Tongue cleaning should take place at least daily, and even more frequently for those patients with a heavier tongue coating. Morning deplaquing may be easier for patients prone to gagging, and some even complete the procedure in the shower. This simple procedure will dramatically improve bad breath.22,23 Additional consideration of appropriate tools should include automated oral hygiene devices and interproximal cleansing aids. Automated plaque control devices provide a safe and effective means for plaque removal that does not require much skill on the part of the user. Given that the average amount of time spent by patients on oral hygiene routines is 24 to 60 seconds,24 any method that can be employed to be more effective within this span of time should be considered advantageous.


Pursuit of fresh breath will continue to be of interest to virtually all dental patients. The dental clinician is the ideal professional to address fresh breath concerns with patients. Additionally, patients have come to expect this type of assessment and intervention.25 Clinicians would be well served to incorporate oral malodor management and education programs into their office protocol. As patients become aware of approaches to managing OM, a program in the dental office that educates patients will help to both address the problem and improve the general level of oral hygiene achieved by those under care.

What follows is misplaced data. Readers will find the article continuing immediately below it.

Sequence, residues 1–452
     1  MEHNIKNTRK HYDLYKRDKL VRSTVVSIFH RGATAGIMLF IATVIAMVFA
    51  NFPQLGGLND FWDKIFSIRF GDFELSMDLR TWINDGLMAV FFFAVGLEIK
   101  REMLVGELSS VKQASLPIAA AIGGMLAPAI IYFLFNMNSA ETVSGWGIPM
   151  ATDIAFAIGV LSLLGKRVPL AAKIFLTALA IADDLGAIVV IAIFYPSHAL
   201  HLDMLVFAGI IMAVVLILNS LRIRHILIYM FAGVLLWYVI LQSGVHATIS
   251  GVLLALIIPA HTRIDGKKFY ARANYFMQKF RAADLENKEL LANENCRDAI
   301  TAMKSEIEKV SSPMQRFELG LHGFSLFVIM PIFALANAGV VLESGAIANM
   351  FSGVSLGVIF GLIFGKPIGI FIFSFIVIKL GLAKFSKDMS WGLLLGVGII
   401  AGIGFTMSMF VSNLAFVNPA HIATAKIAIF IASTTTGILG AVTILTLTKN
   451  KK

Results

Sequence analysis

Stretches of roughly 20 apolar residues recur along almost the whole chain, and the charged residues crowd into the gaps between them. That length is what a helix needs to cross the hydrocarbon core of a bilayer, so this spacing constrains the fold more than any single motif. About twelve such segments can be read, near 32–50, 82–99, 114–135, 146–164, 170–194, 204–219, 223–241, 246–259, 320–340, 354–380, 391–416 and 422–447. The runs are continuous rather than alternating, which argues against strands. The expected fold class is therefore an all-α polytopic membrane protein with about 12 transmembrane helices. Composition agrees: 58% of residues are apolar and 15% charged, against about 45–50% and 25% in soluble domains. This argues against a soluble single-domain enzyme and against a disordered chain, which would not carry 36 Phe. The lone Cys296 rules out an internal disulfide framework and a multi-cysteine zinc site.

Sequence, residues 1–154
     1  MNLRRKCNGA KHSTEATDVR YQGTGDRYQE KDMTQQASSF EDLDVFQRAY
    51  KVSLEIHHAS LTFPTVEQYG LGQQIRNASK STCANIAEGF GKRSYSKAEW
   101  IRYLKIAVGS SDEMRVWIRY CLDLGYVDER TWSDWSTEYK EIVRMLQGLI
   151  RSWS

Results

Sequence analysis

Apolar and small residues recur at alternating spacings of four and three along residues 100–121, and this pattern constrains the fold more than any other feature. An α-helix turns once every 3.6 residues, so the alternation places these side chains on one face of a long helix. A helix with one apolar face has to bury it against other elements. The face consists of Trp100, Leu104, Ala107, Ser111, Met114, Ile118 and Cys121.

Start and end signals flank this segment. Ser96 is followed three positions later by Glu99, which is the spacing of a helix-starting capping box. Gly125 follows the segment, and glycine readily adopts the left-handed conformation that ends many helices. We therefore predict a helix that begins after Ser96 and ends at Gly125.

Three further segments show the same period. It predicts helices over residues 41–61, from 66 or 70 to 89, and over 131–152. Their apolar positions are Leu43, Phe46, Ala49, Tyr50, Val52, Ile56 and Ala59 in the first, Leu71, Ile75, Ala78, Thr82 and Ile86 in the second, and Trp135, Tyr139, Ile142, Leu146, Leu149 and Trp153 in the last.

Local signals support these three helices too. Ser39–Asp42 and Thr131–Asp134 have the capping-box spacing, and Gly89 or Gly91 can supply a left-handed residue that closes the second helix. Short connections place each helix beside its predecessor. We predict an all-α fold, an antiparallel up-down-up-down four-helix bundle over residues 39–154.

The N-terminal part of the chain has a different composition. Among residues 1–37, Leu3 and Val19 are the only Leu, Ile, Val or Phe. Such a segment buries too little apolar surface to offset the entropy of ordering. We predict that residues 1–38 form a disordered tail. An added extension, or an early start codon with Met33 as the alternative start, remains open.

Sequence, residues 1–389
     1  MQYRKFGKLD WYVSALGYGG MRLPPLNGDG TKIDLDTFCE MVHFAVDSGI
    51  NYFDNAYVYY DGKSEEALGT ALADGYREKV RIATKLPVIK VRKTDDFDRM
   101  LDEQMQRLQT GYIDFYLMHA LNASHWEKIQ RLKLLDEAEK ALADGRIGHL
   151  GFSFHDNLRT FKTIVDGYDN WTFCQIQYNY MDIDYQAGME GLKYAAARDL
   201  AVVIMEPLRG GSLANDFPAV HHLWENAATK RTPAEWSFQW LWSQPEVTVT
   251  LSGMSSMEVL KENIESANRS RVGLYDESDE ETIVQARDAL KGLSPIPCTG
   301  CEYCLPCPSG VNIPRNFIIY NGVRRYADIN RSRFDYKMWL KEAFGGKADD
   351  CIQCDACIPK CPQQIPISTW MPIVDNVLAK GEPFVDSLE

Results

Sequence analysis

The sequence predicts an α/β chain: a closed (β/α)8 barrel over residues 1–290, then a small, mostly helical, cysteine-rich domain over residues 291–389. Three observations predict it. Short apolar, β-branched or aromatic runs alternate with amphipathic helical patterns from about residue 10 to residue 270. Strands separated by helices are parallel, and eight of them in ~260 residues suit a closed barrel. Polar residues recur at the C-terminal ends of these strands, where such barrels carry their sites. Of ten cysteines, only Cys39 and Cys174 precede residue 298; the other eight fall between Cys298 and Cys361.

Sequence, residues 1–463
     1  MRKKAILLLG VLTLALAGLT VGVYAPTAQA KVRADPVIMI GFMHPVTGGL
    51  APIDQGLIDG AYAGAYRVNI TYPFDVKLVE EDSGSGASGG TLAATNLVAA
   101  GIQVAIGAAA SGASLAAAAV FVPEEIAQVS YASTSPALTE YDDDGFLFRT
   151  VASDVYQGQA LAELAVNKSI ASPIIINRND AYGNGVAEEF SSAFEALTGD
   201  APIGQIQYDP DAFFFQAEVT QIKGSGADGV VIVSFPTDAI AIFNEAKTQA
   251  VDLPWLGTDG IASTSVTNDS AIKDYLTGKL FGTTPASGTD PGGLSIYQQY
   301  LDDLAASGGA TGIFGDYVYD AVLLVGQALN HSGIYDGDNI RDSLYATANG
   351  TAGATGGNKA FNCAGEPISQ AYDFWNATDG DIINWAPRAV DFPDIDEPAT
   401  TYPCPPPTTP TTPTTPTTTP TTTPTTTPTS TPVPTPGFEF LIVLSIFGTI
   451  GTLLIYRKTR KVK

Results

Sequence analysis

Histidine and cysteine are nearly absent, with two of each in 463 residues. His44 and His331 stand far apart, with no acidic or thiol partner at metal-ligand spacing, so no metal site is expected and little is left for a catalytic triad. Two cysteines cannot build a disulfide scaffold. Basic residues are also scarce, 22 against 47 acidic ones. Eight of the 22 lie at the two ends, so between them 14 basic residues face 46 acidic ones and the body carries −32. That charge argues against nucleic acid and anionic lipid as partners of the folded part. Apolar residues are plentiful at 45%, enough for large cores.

1. American Academy of Periodontology. Position paper: peridontal disease as a potential risk factor for systemic diseases. J Periodontol. 1998:69:841–849.

2. Clark GT, Nachnani S, Messadi DV. Detecting and treating oral and nonoral malodors. CDA J. 1997;24:133-143.

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4. Rosenberg M, et al. Bad Breath Research Perspectives. Tel Aviv, Israel: Ramot Publishing, Tel Aviv University; 1995.

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6. Ratcliff PA, Johnson P. The relationship between oral malodor, gingivitis, and periodontitis. a review. J Periodontol. 1999;5: pages?

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10. Johnson PW, Yaegaki K Tonzetich J. Effect of methymercaptan on synthesis and degradation of collagen. J Periodont Res. 1996;31:323–329.

11. DeBoever EH, DeUzeda M, Loesche WJ. Relationship between volatile sulfur compounds, BANA-hydrolyzing bacteria and gingival health in patients with and without complaints of oral malodor. J Clin Dent. 1994;4:114–119.

12. Kozlovsky A, Gordon D, Gelernter WJ, et al. Correlation between BANA Test and Oral Malodor Parameters. J Dent Res. 1994;73:1036–1042.